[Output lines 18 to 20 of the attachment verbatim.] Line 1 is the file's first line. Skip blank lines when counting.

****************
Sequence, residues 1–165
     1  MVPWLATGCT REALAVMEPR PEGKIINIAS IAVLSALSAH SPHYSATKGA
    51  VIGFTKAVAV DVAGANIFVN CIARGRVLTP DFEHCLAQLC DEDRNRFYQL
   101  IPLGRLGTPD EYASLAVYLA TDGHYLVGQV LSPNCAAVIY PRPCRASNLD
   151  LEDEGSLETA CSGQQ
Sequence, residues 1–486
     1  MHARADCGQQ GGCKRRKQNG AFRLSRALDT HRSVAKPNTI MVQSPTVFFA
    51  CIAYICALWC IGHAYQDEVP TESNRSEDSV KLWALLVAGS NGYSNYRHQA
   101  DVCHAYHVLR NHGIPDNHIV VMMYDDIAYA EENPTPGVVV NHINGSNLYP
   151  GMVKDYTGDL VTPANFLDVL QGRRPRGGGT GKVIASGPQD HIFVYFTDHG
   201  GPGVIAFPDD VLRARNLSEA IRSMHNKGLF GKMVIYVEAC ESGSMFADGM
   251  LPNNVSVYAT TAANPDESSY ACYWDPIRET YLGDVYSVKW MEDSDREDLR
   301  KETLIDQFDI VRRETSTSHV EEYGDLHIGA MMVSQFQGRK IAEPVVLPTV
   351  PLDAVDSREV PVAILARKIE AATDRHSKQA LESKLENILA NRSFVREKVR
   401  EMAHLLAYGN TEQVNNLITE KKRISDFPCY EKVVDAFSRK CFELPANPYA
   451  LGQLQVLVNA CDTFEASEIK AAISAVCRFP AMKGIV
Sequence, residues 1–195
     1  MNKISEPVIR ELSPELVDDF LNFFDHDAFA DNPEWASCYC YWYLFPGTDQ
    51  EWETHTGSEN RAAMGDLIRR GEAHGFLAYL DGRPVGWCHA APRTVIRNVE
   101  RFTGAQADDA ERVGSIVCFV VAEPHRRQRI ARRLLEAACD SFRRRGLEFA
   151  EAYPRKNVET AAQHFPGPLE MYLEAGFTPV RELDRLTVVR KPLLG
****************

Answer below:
     1  MNKISEPVIR ELSPELVDDF LNFFDHDAFA DNPEWASCYC YWYLFPGTDQ
    51  EWETHTGSEN RAAMGDLIRR GEAHGFLAYL DGRPVGWCHA APRTVIRNVE
   101  RFTGAQADDA ERVGSIVCFV VAEPHRRQRI ARRLLEAACD SFRRRGLEFA